Wartime poems distort impressions of WWI horrors
Our knowledge of WWI has been formed, in large part, by the Great War poets. But a modern writer has suggested that their work could distort our understanding of the conflict. Is he right?
When Britain declared war on Germany on 4th August 1914, the national mood was one of patriotism and enthusiasm. ‘I felt like laughing with the excitement of it,’ recalled one soldier. ‘It was the whole country, the whole empire at war together.’ Another wrote: ‘We were happy that our country had gone to war. We were going to win fame and glory.’
We now know that the reality of fighting in the trenches was an appalling, devastating affair. Soldiers contended with mud, rats, lice and trench foot, not to mention the effects of mustard gas attacks, which left men in terrible agony, blind and deformed. Then there was the utter carnage: 200,000 lives were lost in a single day of fighting, and many more soldiers sustained lifelong mental and physical injuries. It was too much to bear for some. Nearly 4,000 men deliberately wounded themselves, usually by shooting their feet, in order to escape the horrors of war.
It is thanks in part to the war poets that we know about these terrible conditions. Perhaps the most famous poem of all is Wilfred Owen’s ‘Dulce et Decorum Est’, in which he describes a soldier who fails to put his gas mask on in time during a chlorine attack: ‘In all my dreams, before my helpless sight, he plunges at me, guttering, choking, drowning.’ Owen, a soldier himself, was killed on the front line just a week before the armistice was signed.
But some are now questioning whether these poets capture the true experience of war. According to the poet Ian McMillan, it was a ‘minority view’ among soldiers that the war was pitiful. Other poets wrote about everyday concerns, while trench magazines reveal poems filled with humour. The famous, tragic poems were barely even known in 1918, and only gained widespread prominence in the 1960s.
Words of war
These poems are mere works of fiction, some say, and tell us little about the realities of war. They did not resonate with audiences at the time, and were only resurrected decades after the war had finished. Our focus on them has meant that other poets, who wrote about other aspects of the war, have been eclipsed. Besides, some poems show that life in the trenches was not always so bad.
But humorous poems were just a coping mechanism, others argue, and do even less to convey the reality of war. It is thanks to poets such as Owen, who were open and honest at a time when men were supposed to be stoic and macho, that we have a testimony of war’s true misery. These poets were actual soldiers in the trenches; their accounts were based on what they witnessed, and their sentiments are corroborated by letters, photographs and newspaper accounts. Some were gassed or suffered shell shock, and many were killed.
- Can poetry aid our understanding of great historical events? Or are other types of evidence more important?
- Does art distort reality?
- Read Wilfred Owen’s ‘Dulce et Decorum Est’ in our expert links. Find out the meaning of the Latin phrase at the poem’s finale, and discuss in groups whether you agree with it or not.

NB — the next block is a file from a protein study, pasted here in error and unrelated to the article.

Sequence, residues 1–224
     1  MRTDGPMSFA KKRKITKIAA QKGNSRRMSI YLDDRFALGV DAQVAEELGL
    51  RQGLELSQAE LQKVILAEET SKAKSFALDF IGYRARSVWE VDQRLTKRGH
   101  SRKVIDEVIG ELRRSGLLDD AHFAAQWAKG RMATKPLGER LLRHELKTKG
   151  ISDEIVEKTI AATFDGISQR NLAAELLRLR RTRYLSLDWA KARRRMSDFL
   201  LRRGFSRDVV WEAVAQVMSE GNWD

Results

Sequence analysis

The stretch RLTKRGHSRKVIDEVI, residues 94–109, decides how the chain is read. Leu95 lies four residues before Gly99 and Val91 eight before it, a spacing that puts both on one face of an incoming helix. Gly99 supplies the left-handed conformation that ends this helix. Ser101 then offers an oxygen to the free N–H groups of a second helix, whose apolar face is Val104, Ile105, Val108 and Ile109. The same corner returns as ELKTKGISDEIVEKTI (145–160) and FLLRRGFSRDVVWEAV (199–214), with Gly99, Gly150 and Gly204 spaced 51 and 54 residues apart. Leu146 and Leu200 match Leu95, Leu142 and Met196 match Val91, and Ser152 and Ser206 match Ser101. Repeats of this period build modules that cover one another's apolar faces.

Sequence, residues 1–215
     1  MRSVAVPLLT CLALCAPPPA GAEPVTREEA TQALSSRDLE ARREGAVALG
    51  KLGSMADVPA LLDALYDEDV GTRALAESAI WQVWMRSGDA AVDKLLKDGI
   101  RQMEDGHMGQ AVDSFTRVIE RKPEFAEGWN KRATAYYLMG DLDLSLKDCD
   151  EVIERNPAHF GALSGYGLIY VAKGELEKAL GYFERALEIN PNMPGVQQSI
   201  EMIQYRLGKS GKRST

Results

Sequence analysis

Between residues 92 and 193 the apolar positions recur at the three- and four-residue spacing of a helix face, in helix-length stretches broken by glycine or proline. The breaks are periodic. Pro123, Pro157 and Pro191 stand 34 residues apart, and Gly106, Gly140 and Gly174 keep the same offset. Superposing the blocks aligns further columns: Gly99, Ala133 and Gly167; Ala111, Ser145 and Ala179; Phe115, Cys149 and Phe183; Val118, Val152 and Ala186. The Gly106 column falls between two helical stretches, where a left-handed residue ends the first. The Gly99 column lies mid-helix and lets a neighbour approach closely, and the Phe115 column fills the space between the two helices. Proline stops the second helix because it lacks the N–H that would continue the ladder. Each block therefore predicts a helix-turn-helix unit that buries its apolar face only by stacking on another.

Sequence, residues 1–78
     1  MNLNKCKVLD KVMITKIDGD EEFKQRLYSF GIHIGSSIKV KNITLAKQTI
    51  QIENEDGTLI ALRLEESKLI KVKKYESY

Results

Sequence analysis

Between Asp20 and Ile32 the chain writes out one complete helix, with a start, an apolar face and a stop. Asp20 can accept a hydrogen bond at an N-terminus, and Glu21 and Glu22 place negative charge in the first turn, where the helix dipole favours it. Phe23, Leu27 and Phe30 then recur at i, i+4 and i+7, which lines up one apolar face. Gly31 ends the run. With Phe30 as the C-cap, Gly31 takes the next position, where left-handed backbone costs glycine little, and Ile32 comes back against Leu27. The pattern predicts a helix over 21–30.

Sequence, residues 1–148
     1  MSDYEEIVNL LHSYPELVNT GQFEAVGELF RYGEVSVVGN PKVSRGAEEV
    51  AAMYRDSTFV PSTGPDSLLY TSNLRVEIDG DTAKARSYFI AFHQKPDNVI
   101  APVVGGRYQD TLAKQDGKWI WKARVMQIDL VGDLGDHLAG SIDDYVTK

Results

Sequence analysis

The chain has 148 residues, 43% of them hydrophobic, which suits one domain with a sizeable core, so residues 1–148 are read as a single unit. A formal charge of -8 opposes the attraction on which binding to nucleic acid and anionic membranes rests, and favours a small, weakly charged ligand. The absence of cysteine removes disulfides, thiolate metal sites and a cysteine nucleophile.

- Imagine you are a first world war soldier in the trenches. Write your own creative piece, such as a letter or poem, describing your experience.
Some People Say...
“The pen is mightier than the sword.’Edward Bulwer-Lytton”
What do you think?
Q & A
- So, are these poets making it up then?
- No. We know from many other sources, such as photographs, official statistics, letters and reports, that the horror of war as described by the poets is realistic. The question is whether we should do more to resurrect other poetical voices from the war, and why the poetry only started to gain widespread attention in the 1960s.
- Poetry is a dying art form these days, it can’t move people the way films do.
- On the contrary, WWI poetry still has a deeply powerful effect on its readers, even decades after it was first written. Words from Laurence Binyon’s poem, ‘For the Fallen’ – ‘They shall grow not old, as we that are left grow old.’ – are still heard each year at Remembrance Sunday services across Britain and the Commonwealth countries.
- Trench foot
- Many soldiers suffered from this infection of the feet caused by damp, wet conditions. If untreated, trench foot could turn gangrenous, and would often require amputation. By the end of 1915, solders were under orders to change their socks at least twice a day. One soldier, Arthur Savage, recalled the ‘sheer horror of seeing men sobbing because they had trench foot that had turned gangrenous. They knew they were going to lose a leg.’
- Mustard gas
- Mustard gas was first used by the German army in 1917. Victims would experience vomiting, internal and external bleeding, blindness, and agonising deaths lasting up to five weeks. The writer Vera Brittain described its effects: ‘Great mustard-coloured blisters, blind eyes, all sticky and stuck together, with voices a mere whisper, saying that their throats are closing and they know they will choke.’
- The Armistice of Compiègne was the agreement between Germany and the allies which ended the fighting, at 11am on the 11th November 1918.
- Other poets
- For example, Geoffrey Studdert Kennedy, nicknamed ‘Woodbine Willie’ wrote about rum rations. Female poets such as Charlotte Mew described the experience of working as part of the war effort.
- Anti-war feeling swept through the US and the UK as huge protests against the Vietnam War took place. Against this backdrop, two major anthologies of WWI poetry were published. Schools began to teach it for the first time, and it permeated the culture of the decade.